After spending Christmas Eve with my dad's side of the family, we sometimes spent Christmas day at home as a family of four. Many of those days I curled up with a new book, alternating between devouring the new words and snacking on my mom's pumpkin bread. My books weren't always at the top of my gift list, like my coveted bottle of 273 perfume or the Madonna True Blue tape, but they were the ones I held close to my heart that day, falling into another world.
Not everyone is like that, and even book lovers sometimes want a little variety in their entertainment. These six gift suggestions give you the chance to pair a book and movie together. Let the gift recipient decide how to spend his or her day off.
Truman Capote's In Cold Blood details a quadruple murder and is considered a pioneering effort (and possibly the most well-written book) in the true crime genre. Almost 40 years after the book was written, Philip Seymour Hoffman brings the author to life in Capote.
For the thrill-seeker on your holiday shopping list, consider the combination gift of the book and movie Fear and Loathing in Las Vegas. The combination of Hunter S. Thompson and Johnny Depp simply can't be beat for a quirky, surreal experience.
If the acid tripping world of Thompson is a little over the top, think about giving the gift of the 1800s with a collection of Jane Austen novels. Pride and Prejudice is currently holding tight on my favorite of her marriage plots. I'm partial to Colin Firth as Mr. Darcy in the Pride and Prejudice mini-series instead of the 2005 movie starring Keira Knightley.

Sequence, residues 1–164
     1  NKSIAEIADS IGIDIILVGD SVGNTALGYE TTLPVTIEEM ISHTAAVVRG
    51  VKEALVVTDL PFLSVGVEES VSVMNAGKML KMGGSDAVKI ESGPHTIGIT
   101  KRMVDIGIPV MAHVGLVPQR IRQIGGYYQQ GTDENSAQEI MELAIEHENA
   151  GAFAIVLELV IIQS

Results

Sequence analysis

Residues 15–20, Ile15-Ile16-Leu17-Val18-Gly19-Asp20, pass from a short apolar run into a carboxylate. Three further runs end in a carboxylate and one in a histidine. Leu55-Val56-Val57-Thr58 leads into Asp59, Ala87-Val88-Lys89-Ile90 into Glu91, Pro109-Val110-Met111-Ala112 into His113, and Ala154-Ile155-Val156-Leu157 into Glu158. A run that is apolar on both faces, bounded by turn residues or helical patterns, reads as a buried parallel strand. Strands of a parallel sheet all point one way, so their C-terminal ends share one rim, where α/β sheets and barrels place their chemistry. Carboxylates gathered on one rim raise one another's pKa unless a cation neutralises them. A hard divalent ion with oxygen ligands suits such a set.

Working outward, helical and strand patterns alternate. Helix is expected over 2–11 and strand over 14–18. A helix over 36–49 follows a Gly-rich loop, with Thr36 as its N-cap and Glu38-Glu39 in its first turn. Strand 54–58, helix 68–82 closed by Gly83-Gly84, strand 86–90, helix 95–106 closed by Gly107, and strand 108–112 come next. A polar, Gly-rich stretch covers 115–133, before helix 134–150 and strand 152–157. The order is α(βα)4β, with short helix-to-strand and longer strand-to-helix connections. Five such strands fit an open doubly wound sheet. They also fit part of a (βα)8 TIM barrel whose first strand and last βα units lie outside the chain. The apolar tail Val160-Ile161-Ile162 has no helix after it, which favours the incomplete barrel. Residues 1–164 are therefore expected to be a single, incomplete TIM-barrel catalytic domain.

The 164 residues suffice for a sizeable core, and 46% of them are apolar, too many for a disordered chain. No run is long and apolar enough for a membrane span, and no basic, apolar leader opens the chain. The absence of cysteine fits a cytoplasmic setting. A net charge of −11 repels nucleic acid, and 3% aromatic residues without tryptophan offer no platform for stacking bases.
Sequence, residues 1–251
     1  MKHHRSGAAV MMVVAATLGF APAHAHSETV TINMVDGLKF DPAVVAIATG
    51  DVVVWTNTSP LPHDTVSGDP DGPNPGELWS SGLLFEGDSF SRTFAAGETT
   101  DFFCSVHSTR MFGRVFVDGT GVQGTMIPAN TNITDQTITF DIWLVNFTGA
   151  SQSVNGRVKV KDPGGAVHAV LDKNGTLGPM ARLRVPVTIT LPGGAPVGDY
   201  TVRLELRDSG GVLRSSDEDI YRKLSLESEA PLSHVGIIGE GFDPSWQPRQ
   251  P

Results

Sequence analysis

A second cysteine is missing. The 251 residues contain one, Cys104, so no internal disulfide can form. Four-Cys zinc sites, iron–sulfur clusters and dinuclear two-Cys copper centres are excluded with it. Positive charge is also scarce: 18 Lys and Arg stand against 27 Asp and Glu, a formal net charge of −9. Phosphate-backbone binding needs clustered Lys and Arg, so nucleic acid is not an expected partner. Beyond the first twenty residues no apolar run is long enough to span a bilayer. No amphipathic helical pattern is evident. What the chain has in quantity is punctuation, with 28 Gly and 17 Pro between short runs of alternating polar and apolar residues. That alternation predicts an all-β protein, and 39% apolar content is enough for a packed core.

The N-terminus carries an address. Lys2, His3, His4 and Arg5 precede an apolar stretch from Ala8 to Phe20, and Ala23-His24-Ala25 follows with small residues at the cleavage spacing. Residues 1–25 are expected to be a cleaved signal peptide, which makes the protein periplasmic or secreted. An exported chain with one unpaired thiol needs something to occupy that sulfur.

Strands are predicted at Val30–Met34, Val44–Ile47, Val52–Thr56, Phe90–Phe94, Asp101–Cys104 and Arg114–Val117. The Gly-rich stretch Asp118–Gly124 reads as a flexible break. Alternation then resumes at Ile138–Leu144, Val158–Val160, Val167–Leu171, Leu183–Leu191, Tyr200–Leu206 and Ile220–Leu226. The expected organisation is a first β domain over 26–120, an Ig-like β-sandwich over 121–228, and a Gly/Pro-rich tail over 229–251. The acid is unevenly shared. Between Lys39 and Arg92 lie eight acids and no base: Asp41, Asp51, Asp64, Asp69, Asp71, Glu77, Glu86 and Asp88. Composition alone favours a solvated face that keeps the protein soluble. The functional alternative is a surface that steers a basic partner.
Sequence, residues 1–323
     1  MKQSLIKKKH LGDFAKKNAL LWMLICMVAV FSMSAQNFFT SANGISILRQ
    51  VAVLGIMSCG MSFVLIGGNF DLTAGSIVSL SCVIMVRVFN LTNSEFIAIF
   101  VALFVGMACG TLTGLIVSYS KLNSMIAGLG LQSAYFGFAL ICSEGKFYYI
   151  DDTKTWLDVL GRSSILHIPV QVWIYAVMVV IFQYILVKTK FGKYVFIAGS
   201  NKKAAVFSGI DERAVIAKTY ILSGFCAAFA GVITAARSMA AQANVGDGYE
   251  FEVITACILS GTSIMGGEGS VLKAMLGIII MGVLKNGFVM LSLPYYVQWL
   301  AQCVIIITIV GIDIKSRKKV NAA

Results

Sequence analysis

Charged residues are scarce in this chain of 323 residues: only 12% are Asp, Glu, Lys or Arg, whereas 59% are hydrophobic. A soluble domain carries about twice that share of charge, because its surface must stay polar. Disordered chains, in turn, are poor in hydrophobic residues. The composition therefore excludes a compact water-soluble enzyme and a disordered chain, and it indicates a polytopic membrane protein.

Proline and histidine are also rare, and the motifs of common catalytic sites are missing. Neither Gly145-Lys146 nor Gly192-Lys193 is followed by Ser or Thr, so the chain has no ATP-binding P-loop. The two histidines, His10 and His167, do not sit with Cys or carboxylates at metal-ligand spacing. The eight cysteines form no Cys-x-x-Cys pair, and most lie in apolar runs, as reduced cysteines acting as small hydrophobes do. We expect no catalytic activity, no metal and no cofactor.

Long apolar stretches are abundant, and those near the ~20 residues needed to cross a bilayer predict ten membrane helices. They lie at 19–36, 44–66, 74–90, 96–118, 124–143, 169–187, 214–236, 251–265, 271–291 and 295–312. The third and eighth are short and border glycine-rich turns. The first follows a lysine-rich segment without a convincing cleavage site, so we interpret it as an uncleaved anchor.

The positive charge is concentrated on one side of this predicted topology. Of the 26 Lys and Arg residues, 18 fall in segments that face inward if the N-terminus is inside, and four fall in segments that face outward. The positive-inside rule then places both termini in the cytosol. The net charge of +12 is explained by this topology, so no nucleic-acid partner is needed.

Keira Knightley fans shouldn't feel slighted, though. She shines along with Carey Mulligan in the movie version of Never Let Me Go. Kazuo Ishiguro's tale of children raised in an unusual orphanage raises questions about medical ethics in sparse, haunting prose that will dig into your mind for a long while after you've closed the pages of the novel.
Once you've seen Jack Nicholson as the charismatic Daryl Van Horne, it's impossible to read John Updike's Witches of Eastwick without picturing Van Horne in a pair of dark sunglasses. The novel uses the idea of witchcraft to question society's expectations of women. Written in 1984, the questions are surprisingly relevant, which actually makes them all the more pressing.
My gift guide wouldn't be complete without recommending one of my all-time favorite books. Set in Michigan, The Virgin Suicides weaves the story of the Lisbon sisters and their deaths into an almost dream-like legend. Directed by Sofia Coppola, the movie stars Kirsten Dunst as a wistfully sensual Lux, the epitome of what the neighborhood boys envision all the sisters to be. Both the book and the movie unfold in a beautiful haze, leaving the reader (and viewer) to determine what lesson, if any, can be found in Eugenides' words.
What's your favorite book/movie pairing?
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